Being sentenced to house arrest is a likely outcome of being charged with a crime as a first-time offender. The judge will hope that your sentence of house arrest — which is harsh to some degree, but lenient to another — will allow you to have remorse for your actions and make a commitment that you won't run afoul of the law again. While you may not have to pay a fine in conjunction with your sentence of house arrest, you shouldn't expect that this punishment won't cost you in any way. Here are some costs that you may incur while under house arrest.

Ankle Monitor

In order to ensure that you comply with the terms of your house arrest, the court will commonly require you to wear an electronic ankle monitor. This is a device that tracks your location and logs a record any time you're off your property. Of course, there's the cost of the device itself and the electronic monitoring of it, and this is a cost that you'll likely incur. Fortunately, you may view this as a small cost of being sentenced to a largely lenient sentence, and your criminal defense attorney will likely encourage you to feel this way.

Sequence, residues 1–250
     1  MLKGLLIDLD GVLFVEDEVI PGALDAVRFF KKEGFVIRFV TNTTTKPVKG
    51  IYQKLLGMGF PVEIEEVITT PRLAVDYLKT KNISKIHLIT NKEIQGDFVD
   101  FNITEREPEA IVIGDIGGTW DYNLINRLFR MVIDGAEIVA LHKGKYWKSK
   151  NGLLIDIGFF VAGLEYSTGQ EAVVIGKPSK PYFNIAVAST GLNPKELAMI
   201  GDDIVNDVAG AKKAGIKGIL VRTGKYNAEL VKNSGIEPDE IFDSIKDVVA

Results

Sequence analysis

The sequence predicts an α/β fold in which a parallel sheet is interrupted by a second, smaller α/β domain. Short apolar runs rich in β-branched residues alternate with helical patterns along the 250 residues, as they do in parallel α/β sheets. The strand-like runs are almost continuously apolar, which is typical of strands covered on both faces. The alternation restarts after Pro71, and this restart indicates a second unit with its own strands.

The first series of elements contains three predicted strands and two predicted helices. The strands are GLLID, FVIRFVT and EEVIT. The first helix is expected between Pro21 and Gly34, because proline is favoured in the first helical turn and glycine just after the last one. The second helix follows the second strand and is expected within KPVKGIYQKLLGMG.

Alcohol Monitor

If alcohol was involved in your arrest — for example, a charge of driving under the influence or perhaps an assault that involved alcohol — one of the conditions that you'll likely face while under house arrest is that you must stay away from alcohol. You can promise the court that you won't drink, but the judge will want to be sure that you stay true to your word. To this end, he or she will likely require you to wear an alcohol monitor, which is a bracelet that detects the presence of alcohol in your sweat. You'll often need to pay for this device, too.

Lost Wages

One of the fortunate things about being sentenced to house arrest is that you'll be able to leave your home to go to work. However, depending on how much you work, there's a possibility that the judge won't give you permission to be out of the house too much. As such, you may lose out on some of your shifts every week, which will result in lost wages — which is another type of cost associated with house arrest. Fortunately, your criminal defense lawyer will petition the court to allow you to work as much as possible, which may limit such costs.